A HESITANT THUMBS UP FILM REVIEW RATING!
I felt lost in Syriana, as if I were a small rat in a huge maze.
Told through multiple storylines, the film’s focus is on oil addiction and how it affects everyone connected with it, from the hardworking Persians in the oil fields to the glutenously rich Sheiks and American tycoons. The bad thing about Syriana is that the message stands out more than the film or — unfortunately — its characters. It’s a valid message that we need to (must!) hear. We live in a global economy and that economy directly influences other nations. From Russia to China and Iran to the U.S., each action one takes will send waves through the other.
Murder and pushing business are co-mingled in Syriana as we see Bob (George Clooney plus 30 pounds) working for the CIA in the Persian Gulf. He’s never asked why he does what he does. He simply knows that he’s doing it for the good of his country. But when the U.S. turns its back on Bob, he has to make a decision, and it’s something that will change the course of his life.
Interspersed with Bob are others whose deeds end up causing deadly results. No fingers are pointed at anyone being at fault for this (one of the big bonuses of the movie), and it is this that pulls the viewer into the story. Bennett Holiday (Jeffrey Wright, ANGELS IN AMERICA) plays an attorney searching for a way to make a large oil company merger happen without attracting legal problems. His hard work and initial goodness are muddled by the end as he discovers what he has to do in order to affect such a merger.
Byran Woodman (Matt Damon, THE BOURNE IDENTITY) is a high level financial advisor for corporate America who loses his son to an accident (?) at an Arab/American party, only to be sucked into the lives of the people responsible for his son’s death.
There are at least three other side-stories going on, but I’m not going to bother with them for one simple reason: they’re too damn confusing! And that’s the big downside to Syriana. It tries to make too many connections in too short a time. Several times I had to stop and ask myself, "Now what does this guy/gal have to do with the story again?" I’m a pretty astute viewer but several of these characters’ purposes went beyond my threshold of understanding. For instance, Danny Dalton is played by Tim Blake Nelson (O Brother, Where Art Thou), but I have no idea what his purpose was in the film. He’s got maybe two minutes of screen-time and that’s it. And Jeffrey Wright’s character (Bennett Holiday) has what I think is a father waiting for him when he gets dropped off at his house and they have some sort of angry altercation for completely unknown reasons. And Dean Whiting (Christopher Plummer, THE NEW WORLD) plays a powerful political figure but how, why, and where he flexes this muscle is never shown nor explained.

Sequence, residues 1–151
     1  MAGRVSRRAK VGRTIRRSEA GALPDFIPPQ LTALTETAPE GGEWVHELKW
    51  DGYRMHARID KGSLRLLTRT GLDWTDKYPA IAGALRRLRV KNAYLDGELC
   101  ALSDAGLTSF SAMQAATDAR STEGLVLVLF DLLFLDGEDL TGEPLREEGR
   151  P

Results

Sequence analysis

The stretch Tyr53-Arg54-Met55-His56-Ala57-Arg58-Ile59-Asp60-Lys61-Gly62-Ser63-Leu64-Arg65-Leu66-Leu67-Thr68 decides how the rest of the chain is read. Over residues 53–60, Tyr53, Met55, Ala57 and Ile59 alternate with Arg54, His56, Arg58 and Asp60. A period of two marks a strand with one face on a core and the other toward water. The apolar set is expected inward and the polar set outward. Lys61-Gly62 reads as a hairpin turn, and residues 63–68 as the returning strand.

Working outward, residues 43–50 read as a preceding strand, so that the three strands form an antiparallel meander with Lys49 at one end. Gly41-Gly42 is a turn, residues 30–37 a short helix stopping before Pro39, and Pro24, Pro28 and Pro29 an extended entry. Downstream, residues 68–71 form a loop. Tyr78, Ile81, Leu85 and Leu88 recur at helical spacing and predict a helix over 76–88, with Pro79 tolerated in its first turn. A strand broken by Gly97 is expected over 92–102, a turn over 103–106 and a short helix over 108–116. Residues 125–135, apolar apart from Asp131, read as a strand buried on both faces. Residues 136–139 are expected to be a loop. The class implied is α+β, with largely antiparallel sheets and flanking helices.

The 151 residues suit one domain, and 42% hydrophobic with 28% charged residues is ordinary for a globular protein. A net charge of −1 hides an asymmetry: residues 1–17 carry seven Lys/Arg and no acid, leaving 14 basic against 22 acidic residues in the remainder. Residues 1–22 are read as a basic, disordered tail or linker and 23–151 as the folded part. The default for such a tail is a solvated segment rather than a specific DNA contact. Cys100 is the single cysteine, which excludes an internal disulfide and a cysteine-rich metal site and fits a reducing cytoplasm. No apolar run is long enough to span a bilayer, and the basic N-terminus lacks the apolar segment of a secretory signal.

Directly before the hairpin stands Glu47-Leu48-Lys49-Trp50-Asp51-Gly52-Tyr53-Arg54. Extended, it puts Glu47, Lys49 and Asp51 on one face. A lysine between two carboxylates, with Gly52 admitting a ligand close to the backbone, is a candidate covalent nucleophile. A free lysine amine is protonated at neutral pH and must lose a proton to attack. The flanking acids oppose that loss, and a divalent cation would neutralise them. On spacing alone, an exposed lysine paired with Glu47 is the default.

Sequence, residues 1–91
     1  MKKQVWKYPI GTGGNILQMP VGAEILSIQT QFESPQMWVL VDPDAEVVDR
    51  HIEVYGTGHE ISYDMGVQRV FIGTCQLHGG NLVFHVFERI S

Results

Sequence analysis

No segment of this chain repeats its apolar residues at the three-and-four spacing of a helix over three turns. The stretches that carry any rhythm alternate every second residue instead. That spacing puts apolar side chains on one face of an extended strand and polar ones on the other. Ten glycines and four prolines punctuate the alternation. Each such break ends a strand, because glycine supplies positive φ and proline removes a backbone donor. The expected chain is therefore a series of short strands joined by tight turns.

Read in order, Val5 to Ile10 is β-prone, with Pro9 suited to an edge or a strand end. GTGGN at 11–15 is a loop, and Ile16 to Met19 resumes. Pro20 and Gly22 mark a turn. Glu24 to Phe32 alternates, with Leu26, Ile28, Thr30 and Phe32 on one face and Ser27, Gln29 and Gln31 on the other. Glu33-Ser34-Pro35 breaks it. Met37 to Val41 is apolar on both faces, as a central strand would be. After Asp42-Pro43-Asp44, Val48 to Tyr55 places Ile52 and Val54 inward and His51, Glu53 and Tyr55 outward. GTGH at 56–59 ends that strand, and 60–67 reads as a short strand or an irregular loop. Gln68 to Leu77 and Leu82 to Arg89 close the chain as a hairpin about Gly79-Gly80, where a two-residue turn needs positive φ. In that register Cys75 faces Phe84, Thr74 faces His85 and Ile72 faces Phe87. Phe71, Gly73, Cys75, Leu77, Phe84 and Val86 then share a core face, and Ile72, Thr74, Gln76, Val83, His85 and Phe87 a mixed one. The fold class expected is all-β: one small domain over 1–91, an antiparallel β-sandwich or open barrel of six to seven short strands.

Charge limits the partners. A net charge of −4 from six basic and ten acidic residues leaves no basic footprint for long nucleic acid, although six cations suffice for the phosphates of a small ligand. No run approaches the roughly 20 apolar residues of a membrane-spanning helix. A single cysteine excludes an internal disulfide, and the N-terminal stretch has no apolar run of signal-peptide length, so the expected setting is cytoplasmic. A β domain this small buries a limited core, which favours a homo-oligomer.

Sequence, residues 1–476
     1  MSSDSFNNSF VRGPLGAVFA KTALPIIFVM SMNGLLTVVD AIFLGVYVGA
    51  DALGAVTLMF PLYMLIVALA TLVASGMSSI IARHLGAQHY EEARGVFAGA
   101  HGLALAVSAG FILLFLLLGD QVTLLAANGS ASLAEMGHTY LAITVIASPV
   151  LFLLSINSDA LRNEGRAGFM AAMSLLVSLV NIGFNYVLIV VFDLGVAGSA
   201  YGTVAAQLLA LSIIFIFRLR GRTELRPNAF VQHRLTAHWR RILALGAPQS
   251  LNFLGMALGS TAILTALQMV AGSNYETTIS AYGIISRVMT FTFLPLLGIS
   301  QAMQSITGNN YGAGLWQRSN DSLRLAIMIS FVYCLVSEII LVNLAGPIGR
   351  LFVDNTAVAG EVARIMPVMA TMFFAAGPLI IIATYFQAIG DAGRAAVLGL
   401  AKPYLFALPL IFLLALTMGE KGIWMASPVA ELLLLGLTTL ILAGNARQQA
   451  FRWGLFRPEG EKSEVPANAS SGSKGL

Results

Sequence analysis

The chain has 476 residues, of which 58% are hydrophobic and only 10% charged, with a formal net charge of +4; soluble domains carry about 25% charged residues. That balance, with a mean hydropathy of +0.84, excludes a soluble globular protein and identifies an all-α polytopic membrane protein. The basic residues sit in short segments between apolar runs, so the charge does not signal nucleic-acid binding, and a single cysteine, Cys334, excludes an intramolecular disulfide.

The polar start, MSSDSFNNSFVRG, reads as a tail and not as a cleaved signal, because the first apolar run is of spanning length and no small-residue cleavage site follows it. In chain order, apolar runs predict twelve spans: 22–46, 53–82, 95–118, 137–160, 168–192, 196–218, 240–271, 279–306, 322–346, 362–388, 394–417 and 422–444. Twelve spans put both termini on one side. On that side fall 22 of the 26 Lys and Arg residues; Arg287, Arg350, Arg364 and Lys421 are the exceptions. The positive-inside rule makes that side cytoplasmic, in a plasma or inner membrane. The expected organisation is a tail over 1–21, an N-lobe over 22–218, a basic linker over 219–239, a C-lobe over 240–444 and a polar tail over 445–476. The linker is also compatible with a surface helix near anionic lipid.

Making people connections on film is fun and a basic requirement for enjoyable cinematic experiences. But if you overload your audience with these connections, the whole can seem like a bramble of fractured stories that never come to fruition. And that’s certainly the way I felt when I saw Syriana.
So why the thumbs up? Look at this: George Clooney, Christopher Plummer, Jeffrey Wright, Chris Cooper, Robert Foxworthy, Matt Damon, Alexander Siddig, Tim Blake Nelson, William Hurt, Amanda Peet, and the list goes on. Now THAT’S an ensemble cast! The acting is excellent.
The message of over-dependence on oil is something everyone in the world needs to know about and this movie certainly puts it center stage. The slimy business dealings, the underhanded political tactics, and the jihadists against Western involvement in Eastern affairs are all brought into focus without forcing the issues down our throats. Nice job.
With all of the horribly shallow films available for us to watch (DATE MOVIE), this one certainly tips the opposite end of the scale. Just be forewarned, you may feel as though you’re in a maze with no reference points and no way out.
Oscar winner: Best Actor in a supporting role
Oscar nominated: Best Original Screenplay
Bafta Award Nominee: Best Actor in a supporting role
Golden Globe Award Winner: Best Actor in a supporting role
Golden Globe Nominee: Best Original Score -- Motion Picture